Wisconsin Gov. Scott Walker leads the pack in Iowa, but his support has dropped from 25 percent in a February poll to 18 percent in July among likely Republican Caucus participants.
With so many candidates in the race, 18 percent might be enough to win Iowa’s caucuses, scheduled now to take place February 1, but the latest Quinnipiac survey shows how fluid the race is at this point: For one thing, as the field grows, Walker’s share is declining. Six other candidates are battling for second place, including businessman Donald Trump and neurosurgeon Ben Carson at 10%, Sens. Ted Cruz (Texas) and Rand Paul (KY).
A new CNN poll of the 2016 presidential race has ex- Florida Gov. Jeb Bush (R) “rising nationally”, the news station reported Wednesday.
Ex- Arkansas Governor Mike Huckabee, who won the Iowa caucuses in 2008, has the backing of 5 percent.
While Walker maintains a lead over the growing field, it is shrinking from earlier polls.
The New Hampshire poll> a href=”http://i2.cdn.turner.com/cnn/2015/images/06/25/062515goppoll.pdf” *is from last week, but the Iowa and national polls are new, from Quinnipiac and CNN/ORC, respectively.
Ex- Rhode Island governor Lincoln Chafee, a Democrat, and Republican US Senator Lindsey Graham of South Carolina are also expected to appear in New Hampshire over the holiday weekend. And it’s coming at the expense of Scott Walker, who hasn’t formally announced his candidacy yet, and hasn’t done much of anything except tell whoppers about how he’s ruined Wisconsin.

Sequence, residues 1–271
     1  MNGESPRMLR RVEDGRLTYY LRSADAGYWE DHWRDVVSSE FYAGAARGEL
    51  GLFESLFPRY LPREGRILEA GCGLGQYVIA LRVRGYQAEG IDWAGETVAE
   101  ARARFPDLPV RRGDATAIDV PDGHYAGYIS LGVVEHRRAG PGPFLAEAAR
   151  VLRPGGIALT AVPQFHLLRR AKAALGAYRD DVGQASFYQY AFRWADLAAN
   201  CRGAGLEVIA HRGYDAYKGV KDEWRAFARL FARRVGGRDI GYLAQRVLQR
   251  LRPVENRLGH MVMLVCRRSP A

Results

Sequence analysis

Bush fared particularly well with self-described moderate Republicans but poorly with “very conservative” voters, who tended to favor Walker.
Walker’s dip at the top actually comes as he’s become better-known – and better-liked.
Bush’s federal tax rate also puts him in the top 1 percent of taxpayers, who paid an average of 30.2 percent between 1981 and 2011, according to figures from the Congressional Budget Office. “But many of them are still afraid to say it out loud”, Brad Friedman from radio Sputnik’s BradCast said while discussing the progress of the U.S. pre-election campaign. Despite these numbers, Trump has a firm position on the “no way” list, with 28 percent of likely voters saying they would definitely not support Trump. That message, along with promises to restrict Chinese imports and other protectionist measures, could resonate particularly well with some white, blue-collar male voters, raging over the slow economic recovery and suspicious of elite opinion in Washington. Trump would seem like the only candidate more culturally estranged from Iowa than Bush, but his hiring of Chuck Laudner, the operative who managed Rick Santorum’s unlikely caucus victory there, indicates he’s not writing it off.
Hillary Clinton’s husband, Bill Clinton, was a USA president; and Jeb Bush’s father and brother George Bush were presidents – both families might have to face off next year at the USA presidential election polls. In Democratic polls Sanders has support around 35 percent.